The Loss and the Silence
|The Loss and the Silence: Aspects of Modernism in the Works of C.S. Lewis, J.R.R. Tolkien & Charles Williams|
|Illustrator||Margaret Hiley (front cover)|
|Publisher||Walking Tree Publishers|
|Released||2 November 2011|
|Preceded by||The Ecological Augury in the Works of JRR Tolkien|
The Loss and the Silence: Aspects of Modernism in the Works of C.S. Lewis, J.R.R. Tolkien & Charles Williams is a 2011 book investigating the topic of modernism in the writings of C.S. Lewis, J.R.R. Tolkien, and Charles Williams. It is published as No. 22 in the Cormarë Series.
- Chapter One: Inklings and Modernists – Shared Contexts
- The Modernist Movement
- Inklings and Modernists: The Biographical Connections
- Shared Literary Concerns
- Chapter Two: War
- Modern War, Modern Literature
- Fantasy and War
- The Inklings at War
- Charles Williams, David Jones and the Matter of Britain
- Celtic Literature of Defeat
- Waste Lands
- Bodies and Corpses
- War, Language and Liturgy
- Chapter Three: History
- Modernist Histories: Yeats's Historical Models
- Fantastic Cycles: Tolkien's History of Middle-earth
- Myth and History
- Nationalist Histories
- Escapes from History and Time
From the publisher
Traditionally, the "Inklings" C.S. Lewis, J.R.R. Tolkien and Charles Williams have been seen as separate from the literature of their time: as innovative in an idiosyncratic way at best, and as reactionary and in deliberate opposition to contemporary progressive writing at worst. Recent years have seen a gradual change in this view, but few studies to date have attempted to read Lewis, Tolkien and Williams alongside their most famous contemporaries: the literary modernists.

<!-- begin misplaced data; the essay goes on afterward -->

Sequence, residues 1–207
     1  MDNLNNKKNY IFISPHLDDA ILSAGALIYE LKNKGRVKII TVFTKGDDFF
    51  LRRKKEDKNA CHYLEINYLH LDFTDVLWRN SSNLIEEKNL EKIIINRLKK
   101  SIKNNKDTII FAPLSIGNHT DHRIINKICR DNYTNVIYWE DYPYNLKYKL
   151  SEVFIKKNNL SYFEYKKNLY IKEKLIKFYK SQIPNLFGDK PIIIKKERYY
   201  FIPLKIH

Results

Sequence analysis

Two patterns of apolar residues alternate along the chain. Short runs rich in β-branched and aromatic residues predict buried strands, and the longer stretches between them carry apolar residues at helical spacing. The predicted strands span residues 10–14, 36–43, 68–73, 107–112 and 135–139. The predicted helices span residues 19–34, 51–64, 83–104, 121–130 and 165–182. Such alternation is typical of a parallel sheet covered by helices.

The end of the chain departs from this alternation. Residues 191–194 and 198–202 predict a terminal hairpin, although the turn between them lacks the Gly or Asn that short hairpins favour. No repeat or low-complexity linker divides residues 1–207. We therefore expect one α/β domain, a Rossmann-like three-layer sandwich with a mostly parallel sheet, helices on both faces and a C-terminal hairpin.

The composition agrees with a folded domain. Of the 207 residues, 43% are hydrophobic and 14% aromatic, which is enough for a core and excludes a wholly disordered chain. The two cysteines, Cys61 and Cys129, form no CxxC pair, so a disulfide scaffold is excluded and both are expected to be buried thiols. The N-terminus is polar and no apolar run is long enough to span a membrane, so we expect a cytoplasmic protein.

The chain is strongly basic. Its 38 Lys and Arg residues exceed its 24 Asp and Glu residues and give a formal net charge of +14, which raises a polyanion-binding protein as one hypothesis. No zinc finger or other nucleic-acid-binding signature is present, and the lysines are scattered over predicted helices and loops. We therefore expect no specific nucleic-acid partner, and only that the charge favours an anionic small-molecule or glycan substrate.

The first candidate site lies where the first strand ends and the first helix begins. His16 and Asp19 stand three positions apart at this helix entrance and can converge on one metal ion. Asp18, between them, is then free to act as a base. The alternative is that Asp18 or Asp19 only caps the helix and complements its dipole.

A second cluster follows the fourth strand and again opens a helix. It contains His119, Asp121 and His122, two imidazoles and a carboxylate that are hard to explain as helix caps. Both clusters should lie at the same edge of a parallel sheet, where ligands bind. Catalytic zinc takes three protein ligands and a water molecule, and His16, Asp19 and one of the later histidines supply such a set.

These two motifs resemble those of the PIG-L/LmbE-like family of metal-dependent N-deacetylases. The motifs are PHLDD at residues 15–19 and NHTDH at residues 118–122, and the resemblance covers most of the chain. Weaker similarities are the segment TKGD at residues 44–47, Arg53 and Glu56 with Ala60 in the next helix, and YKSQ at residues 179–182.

This monograph represents the first full-length study to draw explicit and indepth comparisons between the Inklings and writers such as T.S. Eliot, W.B. Yeats, James Joyce, and David Jones among others. An examination of both thematic and structural concerns reveals a number of shared issues that go beyond mere responses to the cataclysmic events of the first half of the twentieth century. Myth as theme and structuring device, world-building as an attempt to render the author's subjective reality objective and authoritative, writing as an (unsuccessful) attempt to overcome the nightmare of history, and language as both the paradoxical means of creation and the reason creation must fail: these concerns and tensions are central to the works of both Inklings and modernists. In establishing that the works of Lewis, Tolkien and Williams contain aspects that can be termed 'modernist', this study also hopes to show that certain aspects of modernism might very well be termed "fantastic".
About the author
Margaret Hiley studied at the Universities of Regensburg and Glasgow, specialising in fantasy, science fiction and literary modernism. She has taught, lectured and published on these topics both in the UK and abroad. Since 2007 she has taught at the University Centre Peterborough, where she also coordinated the degree programmes in the Arts and Sciences before establishing a new career as an academic and literary translator. Please visit her website at www.margarethiley.com for more information.
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